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Who's Starting Up While the Government Shuts Down?

Mark Marich

Look around and you will find a number of articles on the effects of the political stalemate / government shutdown on entrepreneurs. For “small businesses”, the effects are quite clear, mostly relating to government contracts (more than half the federal spending would go through federal contracts before the shutdown) and Small Business Administration (SBA) loans. In addition, with 62% of the SBA’s staff furloughed, all counseling is on hold until the government is back up and running. The suspension of these contracts, loans and services represents an immediate “brake” on the economy. 

In terms of young, growing companies, the effects are less obvious but probably even costlier in the long run. For example, the prolonged debate around appropriations and the debt ceiling are putting the immigration debate on the back burner (e.g. the Startup Act 3.0 is still waiting to fight its way in Congress). The political delay in solving this and other issues that would impact potential high-growth, high-impact entrepreneurs (e.g. health care for entrepreneurs) could have costly long-term effects because they inhibit the ability of firms to grow and create jobs, or even start.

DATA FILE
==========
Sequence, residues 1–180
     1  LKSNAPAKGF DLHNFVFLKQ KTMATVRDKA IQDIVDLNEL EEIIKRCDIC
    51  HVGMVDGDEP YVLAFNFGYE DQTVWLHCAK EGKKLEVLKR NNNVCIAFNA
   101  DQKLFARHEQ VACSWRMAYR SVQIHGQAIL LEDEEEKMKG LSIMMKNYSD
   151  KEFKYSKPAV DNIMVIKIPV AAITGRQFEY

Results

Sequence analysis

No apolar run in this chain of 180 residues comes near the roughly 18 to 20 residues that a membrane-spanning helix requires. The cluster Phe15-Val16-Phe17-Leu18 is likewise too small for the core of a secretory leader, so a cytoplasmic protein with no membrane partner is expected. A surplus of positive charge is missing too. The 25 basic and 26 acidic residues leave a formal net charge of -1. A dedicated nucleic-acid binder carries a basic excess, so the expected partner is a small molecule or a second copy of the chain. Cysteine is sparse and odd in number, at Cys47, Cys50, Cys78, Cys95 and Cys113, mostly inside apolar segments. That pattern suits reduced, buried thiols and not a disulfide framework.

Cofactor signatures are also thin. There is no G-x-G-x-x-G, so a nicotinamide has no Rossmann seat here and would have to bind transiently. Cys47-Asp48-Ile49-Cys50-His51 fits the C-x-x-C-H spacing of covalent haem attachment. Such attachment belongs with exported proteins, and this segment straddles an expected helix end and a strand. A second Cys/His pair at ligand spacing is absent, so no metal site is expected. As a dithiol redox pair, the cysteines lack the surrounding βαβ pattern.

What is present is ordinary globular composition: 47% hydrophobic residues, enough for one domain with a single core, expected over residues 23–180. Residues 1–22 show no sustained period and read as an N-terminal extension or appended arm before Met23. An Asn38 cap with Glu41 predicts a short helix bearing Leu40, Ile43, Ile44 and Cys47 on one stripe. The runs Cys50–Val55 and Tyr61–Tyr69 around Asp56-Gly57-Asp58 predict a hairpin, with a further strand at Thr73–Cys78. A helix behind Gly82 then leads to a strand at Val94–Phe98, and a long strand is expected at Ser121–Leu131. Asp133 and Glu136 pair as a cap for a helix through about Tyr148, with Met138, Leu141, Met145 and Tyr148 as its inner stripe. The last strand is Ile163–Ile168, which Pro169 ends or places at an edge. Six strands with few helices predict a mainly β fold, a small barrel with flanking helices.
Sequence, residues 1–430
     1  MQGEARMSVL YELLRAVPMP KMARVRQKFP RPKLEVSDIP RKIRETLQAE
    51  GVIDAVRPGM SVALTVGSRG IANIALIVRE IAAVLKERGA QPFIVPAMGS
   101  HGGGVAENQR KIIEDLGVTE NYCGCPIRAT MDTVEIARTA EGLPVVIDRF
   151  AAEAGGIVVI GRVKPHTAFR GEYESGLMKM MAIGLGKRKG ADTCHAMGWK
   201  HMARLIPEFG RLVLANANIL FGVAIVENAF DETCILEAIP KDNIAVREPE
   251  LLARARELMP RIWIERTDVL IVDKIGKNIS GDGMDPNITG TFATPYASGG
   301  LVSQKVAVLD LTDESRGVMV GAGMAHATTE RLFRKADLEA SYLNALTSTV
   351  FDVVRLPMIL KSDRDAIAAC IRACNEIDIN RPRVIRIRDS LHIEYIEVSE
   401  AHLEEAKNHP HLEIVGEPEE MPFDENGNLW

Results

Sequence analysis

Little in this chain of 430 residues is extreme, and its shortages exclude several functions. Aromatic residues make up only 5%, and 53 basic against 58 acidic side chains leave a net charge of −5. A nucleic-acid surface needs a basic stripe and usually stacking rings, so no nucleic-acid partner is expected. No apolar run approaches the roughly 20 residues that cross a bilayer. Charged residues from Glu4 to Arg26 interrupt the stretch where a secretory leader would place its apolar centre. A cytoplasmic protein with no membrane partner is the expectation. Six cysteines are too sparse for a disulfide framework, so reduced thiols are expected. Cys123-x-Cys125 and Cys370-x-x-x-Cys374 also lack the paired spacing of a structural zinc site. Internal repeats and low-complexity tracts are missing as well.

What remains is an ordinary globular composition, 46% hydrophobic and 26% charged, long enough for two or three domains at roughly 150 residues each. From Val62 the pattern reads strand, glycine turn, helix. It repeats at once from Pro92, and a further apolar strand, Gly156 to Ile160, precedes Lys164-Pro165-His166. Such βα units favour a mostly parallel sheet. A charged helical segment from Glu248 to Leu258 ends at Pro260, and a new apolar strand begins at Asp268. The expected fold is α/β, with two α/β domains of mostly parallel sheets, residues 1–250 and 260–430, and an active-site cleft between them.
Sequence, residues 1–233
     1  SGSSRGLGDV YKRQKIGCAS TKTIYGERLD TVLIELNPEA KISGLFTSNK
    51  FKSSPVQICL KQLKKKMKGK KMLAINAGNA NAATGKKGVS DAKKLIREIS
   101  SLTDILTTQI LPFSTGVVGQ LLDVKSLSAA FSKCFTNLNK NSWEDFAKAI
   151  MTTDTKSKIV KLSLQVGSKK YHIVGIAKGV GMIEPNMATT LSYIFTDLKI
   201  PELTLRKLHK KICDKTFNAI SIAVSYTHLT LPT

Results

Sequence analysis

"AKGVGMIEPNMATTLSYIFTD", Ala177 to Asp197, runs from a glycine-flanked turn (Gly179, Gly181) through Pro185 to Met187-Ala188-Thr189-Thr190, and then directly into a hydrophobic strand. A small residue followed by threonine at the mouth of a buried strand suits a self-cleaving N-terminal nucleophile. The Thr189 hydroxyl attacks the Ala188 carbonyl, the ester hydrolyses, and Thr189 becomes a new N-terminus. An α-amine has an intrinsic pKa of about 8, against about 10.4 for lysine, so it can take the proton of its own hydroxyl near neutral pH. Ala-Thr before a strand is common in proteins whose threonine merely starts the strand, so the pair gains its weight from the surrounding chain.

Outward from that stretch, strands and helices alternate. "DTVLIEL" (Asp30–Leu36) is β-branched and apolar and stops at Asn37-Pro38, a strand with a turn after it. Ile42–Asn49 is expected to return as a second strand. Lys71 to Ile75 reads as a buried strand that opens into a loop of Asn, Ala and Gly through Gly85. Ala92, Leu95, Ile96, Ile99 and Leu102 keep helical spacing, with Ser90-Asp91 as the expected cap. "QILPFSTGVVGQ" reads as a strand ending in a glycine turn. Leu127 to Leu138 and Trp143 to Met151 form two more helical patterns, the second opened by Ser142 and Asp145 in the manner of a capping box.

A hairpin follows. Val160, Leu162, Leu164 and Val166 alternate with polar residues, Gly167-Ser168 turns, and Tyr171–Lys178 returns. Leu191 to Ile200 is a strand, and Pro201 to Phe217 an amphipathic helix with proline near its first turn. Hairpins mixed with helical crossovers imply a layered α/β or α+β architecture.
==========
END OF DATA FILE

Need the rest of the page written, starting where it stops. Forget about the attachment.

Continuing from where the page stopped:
Innovation also suffers. It is estimated that the FDA furloughed about 45% of its staff and this means that it will only be publishing regulations that are related to "imminent threats to the safety of human life or protection of property." In the mean time, many innovations stay on lab shelves instead of going to market. Some of these might be the companies that are supposed to lead the healthcare revolution. 

Many other good ideas, with lots of promise to enhance productivity, have had to delay launch plans and were forced to find non-government related ways to get funding to get off the ground. Luckily, the U.S Patent and Trademark Office (USPTO) has enough funding from last year to keep operating at normal capacity for up to four weeks.

Have you been furloughed? This might your chance to network and take entrepreneurship lessons. Washington DC’s 1776 entrepreneurship campus is working to host a furlough networking event and offer furloughed workers free online classes to take advantage of their downtime.

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